For both NGC 300 and NGC 7793 the stellar metallicity flattens out to an approximately constant value, or even slightly increases with radius in the outer disk, in contrast with the exponential decline inferred from H ii regions and young stars in the inner disk. The measured metallicity is quite low, [Fe/H] ≃ −1 for the outer disk of NGC 300, and [Fe/H] ≃ −1.5 (or even lower, depending on the age of the stars) for NGC 7793, but could be compatible with the present-day metallicity of the inner disk if the chemical enrichment due to stellar evolution between the time probed by the RGB stars (8−12 Gyr ago) and the present epoch is taken into account. These results are made somewhat uncertain by the age-metallicity degeneracy, the assumption of a single age for the RGB stars and the potential effects of stellar migration.

Other XUV disks The chemical abundances of outer H ii regions in a few XUV disk galaxies (as defined in the catalogue by Thilker et al. (2007)), in addition to M83 and NGC 1512, have been presented by different authors. For convenience, Table 1 summarizes these studies. These investigations differ somewhat in spectroscopic depth, abundance diagnostics adopted and radial coverage, but they tend to provide a unified picture regarding the abundance gradients, in particular the presence of a break occurring approximately at the isophotal radius, as a dividing point between the inner disk, characterized by an exponential nebular abundance gradient, and the outer disk, with a shallower or flat abundance gradient.

Table 1. Nebular abundance studies in XUV disks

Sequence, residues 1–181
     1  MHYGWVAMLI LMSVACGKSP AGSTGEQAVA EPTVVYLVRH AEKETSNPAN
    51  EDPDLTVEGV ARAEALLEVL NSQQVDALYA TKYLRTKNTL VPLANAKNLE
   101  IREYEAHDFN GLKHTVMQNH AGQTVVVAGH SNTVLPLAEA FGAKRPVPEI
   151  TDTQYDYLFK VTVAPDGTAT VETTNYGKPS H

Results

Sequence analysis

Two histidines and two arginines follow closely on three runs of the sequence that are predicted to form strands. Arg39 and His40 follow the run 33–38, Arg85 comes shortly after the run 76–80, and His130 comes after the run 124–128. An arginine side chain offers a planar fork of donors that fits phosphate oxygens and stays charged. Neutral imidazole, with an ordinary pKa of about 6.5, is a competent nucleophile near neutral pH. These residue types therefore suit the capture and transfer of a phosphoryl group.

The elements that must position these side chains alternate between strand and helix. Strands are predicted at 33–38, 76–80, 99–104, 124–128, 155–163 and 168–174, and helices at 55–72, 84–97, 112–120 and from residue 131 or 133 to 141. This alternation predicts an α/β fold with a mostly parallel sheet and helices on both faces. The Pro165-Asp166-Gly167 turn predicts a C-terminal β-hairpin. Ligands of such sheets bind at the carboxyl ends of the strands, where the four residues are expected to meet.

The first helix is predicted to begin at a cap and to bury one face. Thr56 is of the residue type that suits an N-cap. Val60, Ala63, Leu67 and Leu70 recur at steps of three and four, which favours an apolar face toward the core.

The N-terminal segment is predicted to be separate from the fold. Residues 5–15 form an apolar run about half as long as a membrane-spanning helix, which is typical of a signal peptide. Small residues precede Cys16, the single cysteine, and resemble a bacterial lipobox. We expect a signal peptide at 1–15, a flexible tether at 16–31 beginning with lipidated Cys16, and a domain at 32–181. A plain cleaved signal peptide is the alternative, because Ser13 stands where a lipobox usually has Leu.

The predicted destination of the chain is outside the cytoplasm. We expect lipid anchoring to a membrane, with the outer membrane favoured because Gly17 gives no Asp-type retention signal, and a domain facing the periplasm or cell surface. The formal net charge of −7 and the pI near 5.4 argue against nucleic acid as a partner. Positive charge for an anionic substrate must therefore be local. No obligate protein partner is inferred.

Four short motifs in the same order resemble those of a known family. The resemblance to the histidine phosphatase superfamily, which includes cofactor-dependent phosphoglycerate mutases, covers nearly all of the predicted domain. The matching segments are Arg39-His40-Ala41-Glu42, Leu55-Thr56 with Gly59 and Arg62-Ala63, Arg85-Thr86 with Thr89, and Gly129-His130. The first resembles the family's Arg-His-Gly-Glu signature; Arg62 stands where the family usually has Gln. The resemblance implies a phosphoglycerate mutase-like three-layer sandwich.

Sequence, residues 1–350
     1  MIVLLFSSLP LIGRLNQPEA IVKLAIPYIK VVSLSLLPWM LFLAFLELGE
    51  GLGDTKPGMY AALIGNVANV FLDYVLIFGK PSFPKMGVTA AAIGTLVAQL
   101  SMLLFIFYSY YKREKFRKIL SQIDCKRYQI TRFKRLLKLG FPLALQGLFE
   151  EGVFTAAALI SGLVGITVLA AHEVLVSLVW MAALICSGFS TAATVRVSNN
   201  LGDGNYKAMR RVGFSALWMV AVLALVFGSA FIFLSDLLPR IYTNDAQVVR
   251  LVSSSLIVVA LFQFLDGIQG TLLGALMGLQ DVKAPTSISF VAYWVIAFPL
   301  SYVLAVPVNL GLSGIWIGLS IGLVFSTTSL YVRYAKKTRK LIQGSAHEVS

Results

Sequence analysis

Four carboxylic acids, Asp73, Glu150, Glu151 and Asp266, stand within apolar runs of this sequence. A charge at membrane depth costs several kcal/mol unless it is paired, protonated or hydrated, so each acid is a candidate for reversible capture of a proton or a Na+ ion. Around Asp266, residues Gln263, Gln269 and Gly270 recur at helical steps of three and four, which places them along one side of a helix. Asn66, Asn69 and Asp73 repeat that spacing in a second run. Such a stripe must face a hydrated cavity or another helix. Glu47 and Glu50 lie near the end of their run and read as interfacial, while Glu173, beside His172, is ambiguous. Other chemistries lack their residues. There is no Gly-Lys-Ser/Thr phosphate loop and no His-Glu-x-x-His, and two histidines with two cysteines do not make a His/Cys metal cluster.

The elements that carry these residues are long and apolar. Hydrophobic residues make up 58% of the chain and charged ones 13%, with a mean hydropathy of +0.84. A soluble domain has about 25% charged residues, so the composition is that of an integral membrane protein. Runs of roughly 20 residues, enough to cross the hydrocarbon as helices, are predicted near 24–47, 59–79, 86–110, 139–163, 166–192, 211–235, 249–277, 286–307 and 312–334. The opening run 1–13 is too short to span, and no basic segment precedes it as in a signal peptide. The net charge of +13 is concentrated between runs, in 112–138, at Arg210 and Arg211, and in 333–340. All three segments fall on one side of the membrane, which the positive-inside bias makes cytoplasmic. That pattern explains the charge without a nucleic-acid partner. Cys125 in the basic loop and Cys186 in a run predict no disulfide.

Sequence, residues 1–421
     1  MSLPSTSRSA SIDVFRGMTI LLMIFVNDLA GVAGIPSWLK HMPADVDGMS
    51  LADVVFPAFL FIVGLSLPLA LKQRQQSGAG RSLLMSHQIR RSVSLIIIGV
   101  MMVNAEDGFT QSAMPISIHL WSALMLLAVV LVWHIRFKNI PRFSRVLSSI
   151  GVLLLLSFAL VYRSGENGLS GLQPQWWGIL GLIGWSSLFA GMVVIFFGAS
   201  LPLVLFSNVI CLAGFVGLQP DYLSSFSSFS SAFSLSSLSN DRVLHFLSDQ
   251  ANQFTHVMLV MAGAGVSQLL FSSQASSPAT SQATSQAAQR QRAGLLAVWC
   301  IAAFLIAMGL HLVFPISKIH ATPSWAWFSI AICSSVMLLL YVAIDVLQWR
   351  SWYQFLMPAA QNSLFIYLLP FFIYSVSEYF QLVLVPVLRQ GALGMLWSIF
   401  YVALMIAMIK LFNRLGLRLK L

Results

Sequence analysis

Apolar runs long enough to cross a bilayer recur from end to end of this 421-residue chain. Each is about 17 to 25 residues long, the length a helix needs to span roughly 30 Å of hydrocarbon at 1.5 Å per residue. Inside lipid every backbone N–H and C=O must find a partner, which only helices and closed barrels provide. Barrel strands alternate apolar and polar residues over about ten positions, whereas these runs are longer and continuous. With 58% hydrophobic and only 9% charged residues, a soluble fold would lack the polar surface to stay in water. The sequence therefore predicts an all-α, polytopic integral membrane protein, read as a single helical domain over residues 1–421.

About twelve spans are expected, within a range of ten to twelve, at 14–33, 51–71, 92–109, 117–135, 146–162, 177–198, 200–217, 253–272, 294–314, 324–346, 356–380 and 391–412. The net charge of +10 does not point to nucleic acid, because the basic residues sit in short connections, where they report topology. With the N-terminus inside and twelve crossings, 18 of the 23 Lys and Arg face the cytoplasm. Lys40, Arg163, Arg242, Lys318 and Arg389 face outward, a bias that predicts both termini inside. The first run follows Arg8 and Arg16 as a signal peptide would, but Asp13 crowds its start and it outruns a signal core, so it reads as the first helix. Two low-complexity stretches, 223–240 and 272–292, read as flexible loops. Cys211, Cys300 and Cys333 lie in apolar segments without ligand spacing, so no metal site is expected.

Galaxy References Largest radius
(R25 units)

NGC 628 Rosales-Ortega et al. 2011 a 1.7
NGC 1512 Bresolin et al. 2012 2.2
López-Sánchez et al. 2015 2.8
NGC 3621 Bresolin et al. 2012 2.0
NGC 4625 Goddard et al. 2011 2.8
NGC 5236 (M83) Bresolin et al. 2009 2.6

a Data for objects lying beyond R25 extracted from Ferguson, Gallagher and Wyse (1998).

Not included in Table 1 is NGC 3031 (M81), for which a flat outer gradient has been suggested, but this result relies on a very small sample of outlying H ii regions (Patterson et al. 2012; Stanghellini et al. 2014). A more recent work by Arellano-Córdova et al. (2016) does not find evidence for a flat gradient out to a galactocentric distance of 33 kpc (2.3 R25). This seems to be consistent with the shallow overall abundance gradient, both in dex kpc−1 and normalized to the isophotal radius, which is possibly the consequence of galaxy interactions. It is also worth pointing out that the abundance break observed in NGC 3621 by Bresolin, Kennicutt and Ryan-Weber (2012) has been confirmed by the independent spectroscopic analysis of five blue supergiant stars, straddling the isophotal radius, by Kudritzki et al. (2014). The stellar metallicities are intermediate between the nebular metallicities determined from the N2 and R23 diagnostics. Finally, it is important to notice that the sample presented above includes fairly isolated systems (NGC 3621, M83, NGC 628), ruling out the possibility that abundance breaks and significant metal mixing develop only as a consequence of recent galaxy interactions.

The Milky Way Evidence for a flattening of the abundance gradient in the outer disk of the Milky Way comes from observations of various metal tracers, which also sample populations with different ages: Cepheid variables (Korotin et al. 2014), open clusters (Magrini et al. 2009; Yong, Carney and Friel 2012), and H ii regions (Vílchez and Esteban 1996; Esteban et al. 2013). This break appears at a galactocentric distance around 12 kpc, extending outwards to 19–21 kpc, as shown from either Cepheids (Genovali et al. 2015) or open clusters (Carraro et al. 2004). While the flattening in the Cepheids chemical abundances is still somewhat controversial (e.g., Lemasle et al. 2013), the open clusters show a clear bimodal radial gradient in metallicity (Yong, Carney and Friel 2012), the outer gradient being quite shallow, with a characteristic outer disk metallicity [Fe/H] ≃ −0.3 ± 0.1. Further studies of the behaviour of the radial distribution of the stellar metallicity (and chemical element patterns) in the outer disk of the Galaxy will be important to constrain models of the chemical evolution of the Milky Way, and the effects of the corotation resonance and stellar radial migration (Mishurov, Lépine and Acharova 2002; Lépine et al. 2011; Korotin et al. 2014).